On Aug. 28, 1963, the movement toward equality in jobs, housing, schools and general purposes of freedom landed on the steps of Washington D.C. Now, 50 years later, Weber State University commemorated the purposes and progress of the civil rights movement.
In the sunshine, just steps in front of the Moench statue on campus, the Center for Diversity and Unity honored the 50th anniversary of the march on Washington D.C. and Martin Luther King Jr.’s powerful “I Have a Dream” speech Wednesday morning. King’s speech also played on a 17-minute loop in the Shepherd Union Building’s Wildcat Theater.
Students walking by paused to listen to the words of WSU President Chuck Wight, student senator Jeffrey Henry and Amir Jackson, a psychology senior and founder of a local nonprofit organization. Detorea Oliver, a community member and vocalist, sang in between speakers with some members of the audience chiming in.
During his speech, Wight asked members of the audience as well as the student body to join him in communicating the urgency of King’s dream.
“My dream, our dream, for Weber State University, is that it will become a place where people of color, where people of all colors, are able to stand together at the fountain of knowledge,” he said. “Because Weber State cannot be a great university until we are all gathered together in respectful conversations to learn from one another.”
Henry, the senator for African-American students, was the next to speak. He said that although some might think King’s speech cured America of racism, prejudice is still alive and well today. He continued that he believes everything King said in his speech is possible.
“I believe that someday, people of character will be judged by their contents, and not by the color of their skin, which so many times happens today,” he said. “Dr. King was about being human. Dr. King was about everybody being the same.”
Henry touched on humanism and cited the golden rule. He said he believes the basic element of who everybody is simply human.
“Regardless of where you come from, regardless of what group you’re affiliated with, we all share that commonality across the board,” he said. “And because of us being human, we should all treat each other the same.”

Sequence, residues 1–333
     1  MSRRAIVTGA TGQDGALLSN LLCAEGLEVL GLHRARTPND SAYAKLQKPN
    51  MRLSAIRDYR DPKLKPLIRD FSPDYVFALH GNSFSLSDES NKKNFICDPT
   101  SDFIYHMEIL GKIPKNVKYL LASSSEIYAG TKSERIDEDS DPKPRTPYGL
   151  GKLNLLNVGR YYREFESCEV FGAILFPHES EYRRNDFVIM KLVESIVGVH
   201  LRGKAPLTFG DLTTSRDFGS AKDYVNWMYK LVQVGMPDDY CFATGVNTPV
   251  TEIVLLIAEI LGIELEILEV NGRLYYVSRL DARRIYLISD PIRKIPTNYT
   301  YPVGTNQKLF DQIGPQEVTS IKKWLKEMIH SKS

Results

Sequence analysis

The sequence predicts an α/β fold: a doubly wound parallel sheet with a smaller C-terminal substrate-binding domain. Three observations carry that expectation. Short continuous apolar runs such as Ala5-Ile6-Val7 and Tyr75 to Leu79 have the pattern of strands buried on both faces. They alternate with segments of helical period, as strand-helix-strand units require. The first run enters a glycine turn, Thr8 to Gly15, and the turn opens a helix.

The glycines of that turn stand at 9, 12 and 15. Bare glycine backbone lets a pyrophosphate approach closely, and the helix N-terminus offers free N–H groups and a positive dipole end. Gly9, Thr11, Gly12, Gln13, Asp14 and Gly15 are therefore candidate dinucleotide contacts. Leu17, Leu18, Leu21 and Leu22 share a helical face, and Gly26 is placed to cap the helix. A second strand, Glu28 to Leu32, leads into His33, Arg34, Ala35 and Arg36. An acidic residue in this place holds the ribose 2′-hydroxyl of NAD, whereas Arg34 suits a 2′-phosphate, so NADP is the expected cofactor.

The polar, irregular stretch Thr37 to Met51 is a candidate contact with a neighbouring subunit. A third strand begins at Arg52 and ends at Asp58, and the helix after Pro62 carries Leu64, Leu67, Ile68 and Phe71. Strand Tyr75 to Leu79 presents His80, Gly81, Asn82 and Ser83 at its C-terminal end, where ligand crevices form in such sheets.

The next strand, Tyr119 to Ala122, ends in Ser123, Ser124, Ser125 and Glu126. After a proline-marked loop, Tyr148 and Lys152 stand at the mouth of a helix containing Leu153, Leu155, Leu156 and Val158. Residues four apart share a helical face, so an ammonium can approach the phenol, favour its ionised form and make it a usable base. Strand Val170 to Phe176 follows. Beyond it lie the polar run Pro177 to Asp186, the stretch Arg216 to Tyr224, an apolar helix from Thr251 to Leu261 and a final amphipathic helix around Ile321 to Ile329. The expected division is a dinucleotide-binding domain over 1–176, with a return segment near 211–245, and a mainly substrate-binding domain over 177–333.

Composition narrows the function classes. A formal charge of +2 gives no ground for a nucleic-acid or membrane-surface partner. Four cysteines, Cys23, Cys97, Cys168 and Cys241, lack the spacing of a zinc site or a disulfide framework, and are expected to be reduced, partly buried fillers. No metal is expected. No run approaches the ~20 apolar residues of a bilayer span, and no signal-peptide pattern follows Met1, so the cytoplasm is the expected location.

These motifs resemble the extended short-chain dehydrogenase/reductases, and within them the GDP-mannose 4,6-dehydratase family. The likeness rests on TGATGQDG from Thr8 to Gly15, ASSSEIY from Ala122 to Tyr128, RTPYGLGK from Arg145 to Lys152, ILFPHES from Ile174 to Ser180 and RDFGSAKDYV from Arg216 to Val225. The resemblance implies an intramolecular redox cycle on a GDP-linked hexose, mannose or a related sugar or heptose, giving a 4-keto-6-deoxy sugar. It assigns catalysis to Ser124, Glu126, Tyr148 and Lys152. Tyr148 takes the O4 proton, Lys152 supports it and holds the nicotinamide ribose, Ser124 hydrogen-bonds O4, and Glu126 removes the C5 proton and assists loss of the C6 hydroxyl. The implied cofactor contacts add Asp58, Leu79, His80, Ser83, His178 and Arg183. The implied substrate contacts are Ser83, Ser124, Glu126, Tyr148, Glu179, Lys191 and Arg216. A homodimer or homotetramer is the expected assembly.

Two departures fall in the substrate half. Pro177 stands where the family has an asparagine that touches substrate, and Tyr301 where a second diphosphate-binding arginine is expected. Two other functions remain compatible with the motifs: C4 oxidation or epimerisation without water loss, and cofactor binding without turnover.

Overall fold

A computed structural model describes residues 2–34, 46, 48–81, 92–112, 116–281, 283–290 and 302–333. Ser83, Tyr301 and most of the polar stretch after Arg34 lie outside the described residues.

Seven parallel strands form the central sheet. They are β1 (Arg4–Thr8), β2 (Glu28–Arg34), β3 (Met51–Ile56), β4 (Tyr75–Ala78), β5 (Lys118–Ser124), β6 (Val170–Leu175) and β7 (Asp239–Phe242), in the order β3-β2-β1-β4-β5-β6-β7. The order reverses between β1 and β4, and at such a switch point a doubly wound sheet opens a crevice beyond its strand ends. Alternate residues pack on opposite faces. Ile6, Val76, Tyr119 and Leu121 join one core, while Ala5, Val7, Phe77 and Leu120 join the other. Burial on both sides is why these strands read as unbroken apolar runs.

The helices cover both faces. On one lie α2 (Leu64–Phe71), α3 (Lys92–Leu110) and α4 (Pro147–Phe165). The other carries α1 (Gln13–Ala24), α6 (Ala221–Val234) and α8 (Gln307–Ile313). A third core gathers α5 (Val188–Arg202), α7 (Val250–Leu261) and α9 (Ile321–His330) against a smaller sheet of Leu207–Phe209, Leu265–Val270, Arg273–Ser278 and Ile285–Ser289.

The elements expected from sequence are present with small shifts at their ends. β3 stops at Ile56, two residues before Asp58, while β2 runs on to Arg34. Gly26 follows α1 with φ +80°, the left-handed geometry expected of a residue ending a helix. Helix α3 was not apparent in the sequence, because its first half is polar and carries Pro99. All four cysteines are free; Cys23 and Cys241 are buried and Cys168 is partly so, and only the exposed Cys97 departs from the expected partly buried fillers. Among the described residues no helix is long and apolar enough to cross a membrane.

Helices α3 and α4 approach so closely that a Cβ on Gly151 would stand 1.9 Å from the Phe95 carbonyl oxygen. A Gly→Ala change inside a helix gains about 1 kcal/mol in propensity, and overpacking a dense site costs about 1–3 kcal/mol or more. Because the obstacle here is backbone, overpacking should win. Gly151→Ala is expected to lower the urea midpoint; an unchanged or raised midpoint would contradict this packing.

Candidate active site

Jackson, Nurture the Creative Mind founder, concluded the event with his remarks. He began his speech with a tribute to King’s legacy and sacrifice. He said everyone must act today because tomorrow is uncertain.
“We must begin to act on which it is we speak of and believe in. Dr. King taught us to act,” Jackson said. “We have to love and understand that love is an action word. It is something you must actively choose to do.”
Carey Francis, the Black Scholars United club adviser, said a few members of the club attended the speeches.
“I told them that if they were in class, academic is first,” Francis said. “My thing with BSU is education first. With the education first, this will come — how to be a leader and how to dress to the success and how to speak.”
Adrienne Andrews, the assistant to the president for diversity, said this event and WSU is actively engaging King’s dream in subtle and advert ways.
“There is a commitment to have that relationship that supports, that encourages, that sustains, that develops, because that’s what makes the dream a reality,” she said. “I’m thrilled to be a part of Weber State University, where the commitment to Dr. King’s dream and to the dreams of all the people who marched on Washington are being realized.”